The ‘big 5’ in gig etiquette

2 June 2014

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Greetings. Remember me? Yes, I’m that guy from that local music gig – that huge arena filled concert – that crowded moshpit. I’m the guy you bumped, spilt a drink on, that somehow found myself blocked by the view of your oily hair or diseased beanie. I’m the guy who telepathically told you to ‘Shut up and enjoy the show!’

Well, here’s another little message from me. Something that you should read before you attend your next live music event.

We all attend music gigs for our own reasons. Whether we’re seeing our favourite artist or having a night out with friends, we must remember that we’re all sharing the same space. Although we don’t share the same experience, each person in the vicinity has an impact on that of the person next to them.

Thus, it is important to understand how to act at these events. So without further ado, here are the do’s and don’ts of gig etiquette.

1. Quiet down!

We all enjoy going to gigs with our friends, and they (sometimes) wouldn’t be the same if we didn’t experience it with someone else. Talking during shows is rightfully not prohibited, but there’s a fine line between innocent and obnoxious! It’s frustrating when you’re trying to listen to the show when you’re forced to be included in a senseless conversation going on behind you. No one, including the person you’re talking to, wants to hear it. Zip it!

If you have to express how good you think the show is, or that you’re going to grab a drink, or take a leak, then the polite thing to do is to wait in between songs. And during songs, do not try singing over the top of the artist! Not unless they ask you to.

2. I think you’ve had enough…

I choose not to get drunk when I go to gigs because it defeats the purpose of the night. I go to be captivated by the experience and want to be attentive the entire time.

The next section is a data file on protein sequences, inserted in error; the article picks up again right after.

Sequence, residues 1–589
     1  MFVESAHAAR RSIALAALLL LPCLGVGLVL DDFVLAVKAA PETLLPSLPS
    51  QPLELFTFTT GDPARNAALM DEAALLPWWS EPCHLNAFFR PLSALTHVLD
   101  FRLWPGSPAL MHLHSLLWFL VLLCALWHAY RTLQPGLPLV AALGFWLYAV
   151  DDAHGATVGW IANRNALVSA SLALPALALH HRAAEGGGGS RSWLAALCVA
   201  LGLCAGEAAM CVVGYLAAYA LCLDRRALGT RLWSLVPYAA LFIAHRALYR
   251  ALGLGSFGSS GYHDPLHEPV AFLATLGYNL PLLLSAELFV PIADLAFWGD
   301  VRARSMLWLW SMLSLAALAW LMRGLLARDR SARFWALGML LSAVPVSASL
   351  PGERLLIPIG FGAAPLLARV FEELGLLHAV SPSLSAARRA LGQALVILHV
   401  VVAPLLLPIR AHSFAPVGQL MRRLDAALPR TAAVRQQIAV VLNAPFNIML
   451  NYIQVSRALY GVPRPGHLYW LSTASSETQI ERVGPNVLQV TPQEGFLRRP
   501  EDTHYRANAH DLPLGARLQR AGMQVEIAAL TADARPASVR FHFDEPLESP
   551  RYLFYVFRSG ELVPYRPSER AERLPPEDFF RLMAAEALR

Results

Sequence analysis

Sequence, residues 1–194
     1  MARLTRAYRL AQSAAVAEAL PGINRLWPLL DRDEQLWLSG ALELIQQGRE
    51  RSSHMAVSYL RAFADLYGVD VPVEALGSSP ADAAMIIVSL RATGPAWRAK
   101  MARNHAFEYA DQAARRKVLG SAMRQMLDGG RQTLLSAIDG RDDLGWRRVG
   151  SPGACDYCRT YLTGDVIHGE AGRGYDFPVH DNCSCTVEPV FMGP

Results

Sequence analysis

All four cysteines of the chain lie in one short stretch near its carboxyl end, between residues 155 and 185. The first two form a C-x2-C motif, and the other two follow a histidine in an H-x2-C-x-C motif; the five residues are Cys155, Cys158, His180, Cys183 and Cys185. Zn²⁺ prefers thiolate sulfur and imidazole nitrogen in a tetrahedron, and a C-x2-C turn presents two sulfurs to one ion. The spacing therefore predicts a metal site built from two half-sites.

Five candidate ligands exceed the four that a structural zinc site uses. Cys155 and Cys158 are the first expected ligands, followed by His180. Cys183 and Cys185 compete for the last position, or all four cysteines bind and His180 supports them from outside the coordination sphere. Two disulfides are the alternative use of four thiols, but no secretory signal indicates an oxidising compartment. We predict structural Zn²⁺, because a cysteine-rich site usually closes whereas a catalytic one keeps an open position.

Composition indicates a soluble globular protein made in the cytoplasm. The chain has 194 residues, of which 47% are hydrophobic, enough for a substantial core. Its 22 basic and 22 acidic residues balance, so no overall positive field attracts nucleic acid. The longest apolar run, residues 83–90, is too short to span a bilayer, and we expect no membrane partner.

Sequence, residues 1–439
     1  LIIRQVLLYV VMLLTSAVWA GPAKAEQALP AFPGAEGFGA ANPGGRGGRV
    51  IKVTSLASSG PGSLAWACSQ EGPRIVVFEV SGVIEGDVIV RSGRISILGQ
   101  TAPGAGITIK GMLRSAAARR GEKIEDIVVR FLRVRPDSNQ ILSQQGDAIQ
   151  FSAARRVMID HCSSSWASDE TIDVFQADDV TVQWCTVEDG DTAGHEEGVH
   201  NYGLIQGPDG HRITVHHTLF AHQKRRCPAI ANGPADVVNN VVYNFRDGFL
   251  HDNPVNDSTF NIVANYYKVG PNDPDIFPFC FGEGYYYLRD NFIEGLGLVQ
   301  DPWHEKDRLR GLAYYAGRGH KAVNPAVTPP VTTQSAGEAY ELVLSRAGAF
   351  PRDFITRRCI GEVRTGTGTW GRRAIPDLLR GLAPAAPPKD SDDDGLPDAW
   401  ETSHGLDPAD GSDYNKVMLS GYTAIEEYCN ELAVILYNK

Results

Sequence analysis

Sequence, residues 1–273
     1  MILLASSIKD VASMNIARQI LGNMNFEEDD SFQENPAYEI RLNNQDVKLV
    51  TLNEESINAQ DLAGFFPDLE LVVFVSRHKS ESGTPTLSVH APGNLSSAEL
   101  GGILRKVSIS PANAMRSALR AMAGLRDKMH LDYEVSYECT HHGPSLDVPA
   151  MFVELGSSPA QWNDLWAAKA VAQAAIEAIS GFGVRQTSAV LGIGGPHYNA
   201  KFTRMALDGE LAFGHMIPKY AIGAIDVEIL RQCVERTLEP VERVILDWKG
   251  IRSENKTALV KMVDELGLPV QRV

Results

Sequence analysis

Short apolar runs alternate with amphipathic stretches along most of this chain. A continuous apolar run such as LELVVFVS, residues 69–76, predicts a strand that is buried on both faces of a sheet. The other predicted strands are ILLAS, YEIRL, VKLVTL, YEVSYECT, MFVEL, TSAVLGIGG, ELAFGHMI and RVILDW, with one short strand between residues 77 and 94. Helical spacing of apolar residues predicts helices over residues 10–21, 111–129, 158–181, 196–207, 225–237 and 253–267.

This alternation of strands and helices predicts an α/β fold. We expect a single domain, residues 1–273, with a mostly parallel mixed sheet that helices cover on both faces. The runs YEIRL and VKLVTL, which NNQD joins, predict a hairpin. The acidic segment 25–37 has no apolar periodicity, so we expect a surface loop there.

What makes being sober at gigs frustrating is that you’re witnessing everyone else around you getting drunk. Everything someone does becomes annoying. You begin to think ‘Why are you even here?’ If you want to get smashed then exit the bandroom and continue at the main bar.

If you’re going to drink, whether alcoholic or not, do everyone a favour and put your empty glass on a table! They’re there for a reason.

It’s amazing how many people carelessly, or more so sheepishly, leave their glass right in the middle of the bandroom floor, and even on the stage. That’s just dangerous! Take those ten extra steps and squeeze through those few people to put it away. You’ll thank yourself later when you get through the night without breaking your neck.

3. Space Invaders

If you’re attending a local gig, chances are the bandroom is pretty small. You can get hundreds of people cramped up in a small area.

Although you sign away your rights to personal space by attending the gig, you can still do something to fight the fights that can easily break out. If you bump someone, apologise! If you push through people to get to the front when they were there first, you deserve to be bumped, thumped and jumped. Don’t do it.

As a shorter person myself, what’s frustrating for me is when you tall people pretend that they don’t know I’m there and just stand right in front of me. I’m short, but I know you can see me. Let the vertically challenged see the show! Don’t hog the fun. 


4. The laws of church

At large seated shows, there’s always an issue of when it’s okay to stand. There are people of all ages in the audience, all whom are there for different reasons. So, being forced to stand on demand just so you can see the show is not okay. It shouldn’t be the choice of the person sitting in front of you.

We should only stand when the artist or band asks us to. They know the venue they’re playing at. They know the audience is seated. They know the set list. And most importantly, they know how to get the crowd going. Leave it to them.

At the very least, if everyone in the room is bonded by the same taste in music, then go with the flow. You may all know when the right time to get up and dance is.


5. The phone zone

Everyone should take photos and videos while seeing a band or solo artist perform live, but there are social laws that people keep forgetting.

If you’re going to film then make sure the phone isn’t above your head. Some part of your body should be blocking the light from your phone from the people behind you. If you want to ruin your own view then that’s your choice, but you can’t have your cake and eat it too. Don’t use your phone to block someone else’s view just so you can watch the show live as well.


Julian GasparriTHUMB


Julian Gasparri is a third-year Bachelor of Journalism student at La Trobe University, and a staff writer for upstart. You can follow him on Twitter: @JulianGasparri